Gaza

Part of Oral Answers to Questions — Defence – in the House of Commons at 3:31 pm on 12th January 2009.

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Photo of William Hague William Hague Shadow Secretary of State (Foreign Affairs) 3:31 pm, 12th January 2009

May I thank the Foreign Secretary for his statement? In common with him, we on the Conservative Benches deeply regret the loss of life on both sides in Gaza, in particular among civilian populations. The situation for Gaza's civilians is clearly desperate, particularly for the 3,000 injured, for the families of the 257 children who have lost their lives, to whom the Foreign Secretary referred, and for the many people in Gaza who may not even support Hamas and who simply want to live in peace, but who find that rockets are being launched from inside their neighbourhoods, which are then targeted by Israeli military operations. We therefore concur with the Foreign Secretary's description of the situation for them and with his calls for action.

It is also a fearful time, we must not forget, for many Israeli civilians, who live under the threat of ever-longer-range rocket attacks that are expressly intended to kill them. We as the Opposition support the international community's demands and the Government's demands for a ceasefire on both sides. We welcome the passage of UN Security Council resolution 1860, Britain's sponsorship of that resolution and the $10 million in aid that Britain has promised for Gaza.

The immediate trigger for this crisis, as the Foreign Secretary has described, was the barrage of hundreds of rocket attacks against Israel on the expiry of the ceasefire or truce. Does that not underline the utter tragedy of Gaza in recent years, which has slid further into isolation and poverty, just when the first steps towards greater stability and economic activity are being witnessed on the west bank? I am sure that the Foreign Secretary will agree that whenever we discuss Hamas we should remind ourselves that it has made no progress towards the Quartet principles of recognising Israel, renouncing violence and accepting previous peace agreements, and that it must do so before it can be accepted as a negotiating partner.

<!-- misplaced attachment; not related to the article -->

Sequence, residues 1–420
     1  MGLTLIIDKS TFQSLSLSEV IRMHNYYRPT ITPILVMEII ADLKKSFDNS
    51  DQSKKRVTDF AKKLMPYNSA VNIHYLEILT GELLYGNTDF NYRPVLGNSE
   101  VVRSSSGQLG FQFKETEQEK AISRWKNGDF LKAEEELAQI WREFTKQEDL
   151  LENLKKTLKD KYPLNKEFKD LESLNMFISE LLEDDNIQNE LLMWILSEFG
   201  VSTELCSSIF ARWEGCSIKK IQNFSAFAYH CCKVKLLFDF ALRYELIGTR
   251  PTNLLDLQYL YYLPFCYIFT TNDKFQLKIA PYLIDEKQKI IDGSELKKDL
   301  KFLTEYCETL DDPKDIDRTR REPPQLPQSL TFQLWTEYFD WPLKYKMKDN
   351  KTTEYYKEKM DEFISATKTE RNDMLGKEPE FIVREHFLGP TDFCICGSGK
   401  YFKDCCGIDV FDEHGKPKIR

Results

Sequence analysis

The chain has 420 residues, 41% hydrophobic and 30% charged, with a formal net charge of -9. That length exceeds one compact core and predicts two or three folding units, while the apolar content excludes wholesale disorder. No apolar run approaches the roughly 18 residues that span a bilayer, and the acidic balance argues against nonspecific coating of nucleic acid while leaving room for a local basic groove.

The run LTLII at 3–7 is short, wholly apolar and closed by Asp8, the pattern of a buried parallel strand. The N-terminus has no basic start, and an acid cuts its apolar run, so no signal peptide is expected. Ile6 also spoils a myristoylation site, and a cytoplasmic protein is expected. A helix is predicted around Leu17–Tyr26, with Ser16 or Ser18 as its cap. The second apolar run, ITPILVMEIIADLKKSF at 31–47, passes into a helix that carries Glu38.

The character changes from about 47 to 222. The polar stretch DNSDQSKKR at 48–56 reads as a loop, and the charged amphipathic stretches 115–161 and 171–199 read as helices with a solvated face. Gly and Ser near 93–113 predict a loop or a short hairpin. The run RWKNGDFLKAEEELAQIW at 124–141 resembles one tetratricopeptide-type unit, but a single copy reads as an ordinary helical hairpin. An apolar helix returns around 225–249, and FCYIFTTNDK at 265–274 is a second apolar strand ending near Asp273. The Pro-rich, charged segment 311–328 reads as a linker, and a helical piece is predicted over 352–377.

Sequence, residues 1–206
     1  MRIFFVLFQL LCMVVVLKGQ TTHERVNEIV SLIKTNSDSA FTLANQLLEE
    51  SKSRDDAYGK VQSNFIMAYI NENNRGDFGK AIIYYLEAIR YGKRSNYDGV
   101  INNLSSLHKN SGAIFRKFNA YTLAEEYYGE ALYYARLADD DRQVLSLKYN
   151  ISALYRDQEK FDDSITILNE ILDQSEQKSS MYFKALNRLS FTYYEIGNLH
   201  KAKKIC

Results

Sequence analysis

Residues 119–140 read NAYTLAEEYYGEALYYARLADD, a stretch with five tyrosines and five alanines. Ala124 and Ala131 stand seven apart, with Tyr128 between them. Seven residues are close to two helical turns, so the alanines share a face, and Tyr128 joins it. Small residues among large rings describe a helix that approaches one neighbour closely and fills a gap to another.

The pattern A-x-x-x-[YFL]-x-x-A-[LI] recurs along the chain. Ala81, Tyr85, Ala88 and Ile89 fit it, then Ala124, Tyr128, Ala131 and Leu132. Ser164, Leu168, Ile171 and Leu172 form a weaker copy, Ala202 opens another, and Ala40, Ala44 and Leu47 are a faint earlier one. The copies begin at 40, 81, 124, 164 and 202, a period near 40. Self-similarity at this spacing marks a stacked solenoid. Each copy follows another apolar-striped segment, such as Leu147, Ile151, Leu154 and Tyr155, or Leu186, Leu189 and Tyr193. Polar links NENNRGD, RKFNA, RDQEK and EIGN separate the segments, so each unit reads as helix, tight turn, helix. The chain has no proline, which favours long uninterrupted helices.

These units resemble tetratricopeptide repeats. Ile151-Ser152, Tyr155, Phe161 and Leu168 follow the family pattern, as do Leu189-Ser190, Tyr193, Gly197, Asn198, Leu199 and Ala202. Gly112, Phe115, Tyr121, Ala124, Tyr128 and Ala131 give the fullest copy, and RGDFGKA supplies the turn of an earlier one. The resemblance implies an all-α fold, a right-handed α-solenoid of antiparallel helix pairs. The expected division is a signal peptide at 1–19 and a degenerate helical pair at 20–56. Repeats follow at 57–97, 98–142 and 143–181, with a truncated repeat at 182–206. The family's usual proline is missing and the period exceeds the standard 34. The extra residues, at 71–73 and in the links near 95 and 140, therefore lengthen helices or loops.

Does the Foreign Secretary agree that it is nevertheless not in Israel's interests that this conflict should continue for a long time, because it risks escalating the situation on other borders, such as that with Lebanon, because it may allow Hamas to declare victory simply by surviving the onslaught, and because it risks damaging the whole middle east peace process? Bringing the conflict to an end clearly requires a ceasefire on both sides. It is surely right that Egypt is looking in its mediation for a ceasefire that involves not only an end to military operations, but the effective prevention of arms smuggling into Gaza, in particular if the crossings are to be reopened.

Given that the Security Council resolution has failed to bring a stop to the violence, despite all the international efforts, and that the Foreign Secretary rightly urged that talks between Egypt and Israel come to a conclusion as soon as possible, does he have any indication that that might happen in the coming hours or days? Will he say a little more about the initiatives taken by Turkey and whether he expects those to bear fruit in the coming days?

The Foreign Secretary spoke of acute shortages of medicine. Can he tell us whether any international aid is getting into Gaza's hospitals at all? Can he also say what assessment has been made by the UN of the damage in Gaza and of the steps needed to restore its electricity and water supply, and supply shelter for those whose homes have been destroyed? Can he say more about the potential for a mechanism to prevent the smuggling of arms into Gaza? What exactly might that involve, and what role could be envisaged for Britain in that mechanism?

Does the Foreign Secretary expect any ceasefire agreement to provide for the opening of Gaza's borders? This is a question not simply of aid but of trade and of the movement of people, so that the people of Gaza can hope for a better life. Can he say whether steps are being considered to resume the EU's border monitoring mission at the Rafah crossing into Gaza, and under what conditions that might happen?

The immediate priority must be to achieve a ceasefire and to address the humanitarian crisis, but we must not lose sight of the need to push the middle east peace process forward urgently when those things are in place, in order to break the vicious cycle of ceasefires and violence, and to achieve a peace settlement that will deliver a Palestinian state. We all look to a new US Administration to provide the sustained leadership and impetus needed if all sides are to make the necessary compromises, including on the part of Israel with regard to settlements on the west bank.

Does the Foreign Secretary agree that the long-term security of Israel will depend on its readiness to be as bold in seeking peace as it has been in using military force? We hope that the Government will take every opportunity to urge the new US Administration, supported by their allies, to place the middle east peace process among their top foreign policy priorities, so that, out of the terrible bloodshed of the past two and a half weeks, some hope for the future might at last emerge.

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